San Antonio, Texas has more than 200 sunny days a year. That's a big power resource, if the city can capture it. So the city-owned power utility, CPS Energy, is pushing to make solar energy a bigger part of its power generation portfolio. The effort is already making headway: According to a recent report from the Environment America Research and Policy Center, San Antonio ranks seventh in the nation with 108 megawatts (MW) of solar generation located within the city limits (see "Shining Cities 2016"). (Los Angeles, California, tops the list with 215 MW of installed PV).
In fall of 2015, CPS Energy launched an innovative pilot program to expand rooftop solar in city neighborhoods. Called the SolarHost program, the initiative aims to take advantage of the city's many sunny rooftops by relieving homeowners of the cost of solar panels. There's no upfront cost or operating cost for homeowners who participate: on the contrary, the utility pays homeowners 3 cents a kilowatt-hour (kWh) for power generated by the panels. All the homeowners have to do is agree to host the panels on their roof. Slate magazine described the program in 2015 (see: "Take My Solar Panel, Please!" by Daniel Gross.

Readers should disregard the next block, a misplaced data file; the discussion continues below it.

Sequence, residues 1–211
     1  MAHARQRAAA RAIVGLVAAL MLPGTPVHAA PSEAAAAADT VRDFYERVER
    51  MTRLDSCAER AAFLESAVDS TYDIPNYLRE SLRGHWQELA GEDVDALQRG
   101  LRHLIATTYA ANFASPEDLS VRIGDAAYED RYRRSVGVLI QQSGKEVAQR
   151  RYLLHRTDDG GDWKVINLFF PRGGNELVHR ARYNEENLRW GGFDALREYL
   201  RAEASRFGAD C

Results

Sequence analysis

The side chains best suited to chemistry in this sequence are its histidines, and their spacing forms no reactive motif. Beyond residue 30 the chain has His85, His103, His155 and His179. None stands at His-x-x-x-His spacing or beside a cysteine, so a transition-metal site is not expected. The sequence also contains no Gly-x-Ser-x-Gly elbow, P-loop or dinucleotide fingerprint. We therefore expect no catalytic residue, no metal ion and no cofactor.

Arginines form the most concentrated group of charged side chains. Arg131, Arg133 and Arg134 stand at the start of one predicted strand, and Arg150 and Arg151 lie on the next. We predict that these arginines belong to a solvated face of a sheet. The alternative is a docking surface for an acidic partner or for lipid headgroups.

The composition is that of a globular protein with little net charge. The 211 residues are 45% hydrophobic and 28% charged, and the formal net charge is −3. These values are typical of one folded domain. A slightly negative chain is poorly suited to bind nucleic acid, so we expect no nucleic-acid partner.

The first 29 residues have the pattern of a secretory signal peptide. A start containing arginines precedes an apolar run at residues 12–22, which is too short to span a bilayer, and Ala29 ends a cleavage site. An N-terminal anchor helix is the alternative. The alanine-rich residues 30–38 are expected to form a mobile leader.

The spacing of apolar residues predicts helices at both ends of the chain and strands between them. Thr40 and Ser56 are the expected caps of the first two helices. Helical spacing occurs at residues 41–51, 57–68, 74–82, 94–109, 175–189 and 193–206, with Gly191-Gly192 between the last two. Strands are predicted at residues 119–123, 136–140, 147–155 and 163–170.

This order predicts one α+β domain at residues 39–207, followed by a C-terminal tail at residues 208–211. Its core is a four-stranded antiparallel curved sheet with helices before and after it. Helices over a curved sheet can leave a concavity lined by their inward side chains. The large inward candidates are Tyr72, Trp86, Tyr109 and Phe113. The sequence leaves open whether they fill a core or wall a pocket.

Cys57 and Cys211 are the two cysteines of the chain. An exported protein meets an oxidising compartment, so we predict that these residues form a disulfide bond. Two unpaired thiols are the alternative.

1200 homeowners signed up for the deal within days, and according to the SolarHost website, the pilot program is full up for now. But CPS Energy is still taking applications for another solar program, offering customers an opportunity buy shares in a large ground-mounted solar generating array. The San Antonio Business Journal has this report (see: "CPS Energy roofless solar program slashes price," by Sergio Chapa).
But solar power is far from reaching its full potential in San Antonio. At this point, it's not even CPS Energy's top alternative energy source. Far outstripping the solar resource, according to CPS, is another big Texas player: wind. On one day last March, power from the utility's seven contracted windmills supplied 45% of the city's use, according to a CPS Energy blog (see: "Wind energy blows away old record," by Christine Patmon). On an annual basis, windmills supplied 11% of the power company's output in 2015. Solar panels supplied just over one percent.